History of Spiritual Care in the Jewish World

First Jewish Chaplains

Chaplaincy is rooted in Jewish values such as bikkur holim (visiting the sick) gemilut hasadim (deeds of loving-kindness) and caring for the weak and needy. However, these are general obligations for Jews, not professional disciplines.

The first professional Jewish clergy began working in chaplaincy in the late 19th century. Initially, Jewish chaplaincy focused on serving patients in Jewish hospitals and nursing homes and in state-run prisons or hospitals. By the early 20th century a number of Jewish hospitals and nursing homes in the United States had a rabbi on staff. Their roles generally involved classic rabbinic roles such as leading worship and providing access to ritual needs such as kosher food and holiday celebrations. Rabbi Regina Jonas, the first woman to be ordained, served as a chaplain in Germany in the late 1930s before her deportation and death during the Holocaust.

The U.S. Army has employed chaplains since the civil war, recognizing the importance of ethical and spiritual guidance to soldiers in and out of combat. According to U.S. Navy Chaplain Rabbi Steve Rein of Park Avenue Synagogue, chaplains in the armed services show concern for each soldier’s well-being; provide confidential individual counseling regarding issues from army life and home life; ensure access to religious services and rituals; and provide ethical advice to decision makers and act as role models to staff and colleagues. The experience of World War II when over 300 rabbis served as U.S. military chaplains, advanced the civilian field as well. Between 1945 and 1955 Jewish chaplaincy programs through Boards of Rabbis or Jewish chaplaincy agencies expanded significantly in New York, Chicago, Los Angeles, and Philadelphia.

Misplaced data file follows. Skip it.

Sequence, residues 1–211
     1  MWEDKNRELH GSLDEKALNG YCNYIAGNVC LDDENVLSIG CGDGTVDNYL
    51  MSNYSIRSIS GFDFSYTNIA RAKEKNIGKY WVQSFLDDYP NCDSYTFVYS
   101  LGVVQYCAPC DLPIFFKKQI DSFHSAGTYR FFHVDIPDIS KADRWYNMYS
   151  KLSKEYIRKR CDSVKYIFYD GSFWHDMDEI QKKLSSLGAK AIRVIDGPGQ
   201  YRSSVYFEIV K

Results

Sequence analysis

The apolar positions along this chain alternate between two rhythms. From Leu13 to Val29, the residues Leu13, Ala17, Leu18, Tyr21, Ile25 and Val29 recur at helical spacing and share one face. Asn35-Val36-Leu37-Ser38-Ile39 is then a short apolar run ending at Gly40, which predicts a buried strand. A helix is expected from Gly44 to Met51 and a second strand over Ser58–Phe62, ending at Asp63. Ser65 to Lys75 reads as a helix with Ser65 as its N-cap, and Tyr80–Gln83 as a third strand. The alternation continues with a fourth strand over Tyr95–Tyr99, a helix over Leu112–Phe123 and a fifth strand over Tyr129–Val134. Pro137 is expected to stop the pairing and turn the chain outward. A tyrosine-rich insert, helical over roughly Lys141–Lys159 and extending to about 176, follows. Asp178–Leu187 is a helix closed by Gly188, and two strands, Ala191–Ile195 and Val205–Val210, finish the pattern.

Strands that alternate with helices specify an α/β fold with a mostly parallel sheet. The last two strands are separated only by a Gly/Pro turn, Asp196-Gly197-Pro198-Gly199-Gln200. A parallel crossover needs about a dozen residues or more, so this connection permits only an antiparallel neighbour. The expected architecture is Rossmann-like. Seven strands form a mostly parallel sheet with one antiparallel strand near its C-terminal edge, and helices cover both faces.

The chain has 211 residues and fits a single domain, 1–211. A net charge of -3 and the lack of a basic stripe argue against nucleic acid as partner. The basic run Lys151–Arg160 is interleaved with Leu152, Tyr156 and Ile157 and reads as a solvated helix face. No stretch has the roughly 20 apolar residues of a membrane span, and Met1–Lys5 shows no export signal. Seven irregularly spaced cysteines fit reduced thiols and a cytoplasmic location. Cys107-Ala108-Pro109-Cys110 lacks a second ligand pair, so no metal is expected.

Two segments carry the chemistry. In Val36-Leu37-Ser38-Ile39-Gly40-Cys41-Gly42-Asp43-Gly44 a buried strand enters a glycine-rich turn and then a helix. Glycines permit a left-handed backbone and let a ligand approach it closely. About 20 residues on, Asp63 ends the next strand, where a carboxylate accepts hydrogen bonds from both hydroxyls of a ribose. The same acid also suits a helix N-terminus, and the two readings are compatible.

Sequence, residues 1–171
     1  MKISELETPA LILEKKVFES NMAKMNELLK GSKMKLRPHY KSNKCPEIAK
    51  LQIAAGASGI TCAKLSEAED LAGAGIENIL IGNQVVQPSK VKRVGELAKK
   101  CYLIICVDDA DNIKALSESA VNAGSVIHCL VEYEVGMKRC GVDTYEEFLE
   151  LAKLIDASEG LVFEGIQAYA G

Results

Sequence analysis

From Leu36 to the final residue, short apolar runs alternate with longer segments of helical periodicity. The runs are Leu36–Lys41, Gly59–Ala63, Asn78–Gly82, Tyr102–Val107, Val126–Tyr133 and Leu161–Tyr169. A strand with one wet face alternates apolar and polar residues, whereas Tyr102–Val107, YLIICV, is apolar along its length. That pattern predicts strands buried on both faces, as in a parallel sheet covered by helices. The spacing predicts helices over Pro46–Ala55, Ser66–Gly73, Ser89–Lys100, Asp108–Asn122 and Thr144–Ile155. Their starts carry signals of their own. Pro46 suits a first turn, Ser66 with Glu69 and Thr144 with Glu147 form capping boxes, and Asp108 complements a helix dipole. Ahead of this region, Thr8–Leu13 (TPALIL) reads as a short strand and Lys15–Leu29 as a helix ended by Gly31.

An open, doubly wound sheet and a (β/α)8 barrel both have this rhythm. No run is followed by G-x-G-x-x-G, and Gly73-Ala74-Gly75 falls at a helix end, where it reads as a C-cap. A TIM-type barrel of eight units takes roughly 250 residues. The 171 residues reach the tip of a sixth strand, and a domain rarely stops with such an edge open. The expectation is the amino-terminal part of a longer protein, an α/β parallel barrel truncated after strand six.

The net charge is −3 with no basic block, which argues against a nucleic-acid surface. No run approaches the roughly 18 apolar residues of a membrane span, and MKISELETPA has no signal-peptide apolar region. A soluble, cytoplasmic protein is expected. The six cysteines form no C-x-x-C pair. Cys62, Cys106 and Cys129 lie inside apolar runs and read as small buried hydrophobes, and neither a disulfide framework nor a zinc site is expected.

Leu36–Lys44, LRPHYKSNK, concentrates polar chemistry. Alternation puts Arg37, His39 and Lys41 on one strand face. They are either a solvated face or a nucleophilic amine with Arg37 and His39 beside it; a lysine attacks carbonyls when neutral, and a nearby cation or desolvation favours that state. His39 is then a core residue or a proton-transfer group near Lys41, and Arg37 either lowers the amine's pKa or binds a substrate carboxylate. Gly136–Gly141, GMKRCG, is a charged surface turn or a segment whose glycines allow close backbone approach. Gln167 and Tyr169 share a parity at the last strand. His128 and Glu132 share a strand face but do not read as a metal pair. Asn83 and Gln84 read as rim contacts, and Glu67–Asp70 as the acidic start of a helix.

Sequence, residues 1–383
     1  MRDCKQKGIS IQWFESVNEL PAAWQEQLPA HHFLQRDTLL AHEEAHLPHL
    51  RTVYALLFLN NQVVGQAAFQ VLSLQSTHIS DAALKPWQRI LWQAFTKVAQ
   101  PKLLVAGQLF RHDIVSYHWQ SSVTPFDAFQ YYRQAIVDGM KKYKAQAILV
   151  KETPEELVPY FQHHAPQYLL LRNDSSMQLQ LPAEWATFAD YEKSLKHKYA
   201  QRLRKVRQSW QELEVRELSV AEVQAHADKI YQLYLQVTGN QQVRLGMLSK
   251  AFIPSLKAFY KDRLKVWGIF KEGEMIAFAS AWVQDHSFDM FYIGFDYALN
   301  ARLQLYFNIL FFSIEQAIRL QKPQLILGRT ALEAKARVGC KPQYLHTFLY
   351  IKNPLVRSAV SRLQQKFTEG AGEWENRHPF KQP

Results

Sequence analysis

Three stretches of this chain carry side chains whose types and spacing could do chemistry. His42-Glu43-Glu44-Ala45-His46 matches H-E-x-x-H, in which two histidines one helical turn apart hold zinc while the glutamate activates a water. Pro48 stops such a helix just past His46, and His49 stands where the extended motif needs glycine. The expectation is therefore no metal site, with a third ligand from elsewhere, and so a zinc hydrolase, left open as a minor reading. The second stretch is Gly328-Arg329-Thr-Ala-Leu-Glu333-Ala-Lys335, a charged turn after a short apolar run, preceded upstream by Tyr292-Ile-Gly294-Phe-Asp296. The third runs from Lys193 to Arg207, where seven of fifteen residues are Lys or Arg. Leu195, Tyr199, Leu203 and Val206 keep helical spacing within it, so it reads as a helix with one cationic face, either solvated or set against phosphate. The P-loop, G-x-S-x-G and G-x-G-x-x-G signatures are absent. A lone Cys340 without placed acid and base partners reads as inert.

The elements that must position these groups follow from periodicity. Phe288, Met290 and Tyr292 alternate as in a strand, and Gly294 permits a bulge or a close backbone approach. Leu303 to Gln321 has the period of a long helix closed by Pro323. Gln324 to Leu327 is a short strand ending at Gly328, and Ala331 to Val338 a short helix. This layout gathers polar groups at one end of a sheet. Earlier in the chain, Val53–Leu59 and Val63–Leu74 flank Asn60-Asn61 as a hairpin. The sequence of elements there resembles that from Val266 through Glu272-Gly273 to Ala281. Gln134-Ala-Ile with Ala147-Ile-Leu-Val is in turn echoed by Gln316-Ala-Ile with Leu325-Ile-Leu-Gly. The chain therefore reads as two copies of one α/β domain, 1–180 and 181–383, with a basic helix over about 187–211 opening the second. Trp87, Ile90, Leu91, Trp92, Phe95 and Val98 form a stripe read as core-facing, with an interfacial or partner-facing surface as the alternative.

By the 1980’s, chaplains also began to serve Jewish patients in non-Jewish and secular facilities as well as non-Jewish patients. Jewish chaplaincy had few formal training programs. By the 1980’s, some rabbis pursued chaplaincy as a career through Clinical Pastoral Education (C.P.E.), an intensive supervised internship initially developed by Protestants but increasingly pluralistic. In 1990 the National Association of Jewish Chaplains (N.A.J.C.) was founded as a professional organization involved in training and certifying Jewish chaplains.

Today there are some 300 professional members of the N.A.J.C. and an additional 300 supporters including lay people with Judaic studies backgrounds, congregational rabbis, students, and Israeli affiliates. N.A.J.C. members serve in a variety of settings including geriatric venues, hospitals, hospices, Jewish community chaplaincy, prisons, mental health settings, and the military, as well as in pastoral care training and education or Jewish Healing Centers.

Jewish people who learn C.P. E. tend to focus on the text and rituals of their own heritage as points of discussion and inspiration for themselves and their patients. Yet Jewish chaplains are also equipped to serve patients of other faiths or no faith, by connecting on the universal human level, by using mutually meaningful text or prayers, or by exploring the patient’s own world of meaning and values.


Adapted from materials of the Encyclopaedia Judaica, © 2008 The Gale Group. All Rights Reserved, Robert P. Tabak (2nd ed.) and of the N.A.J.C.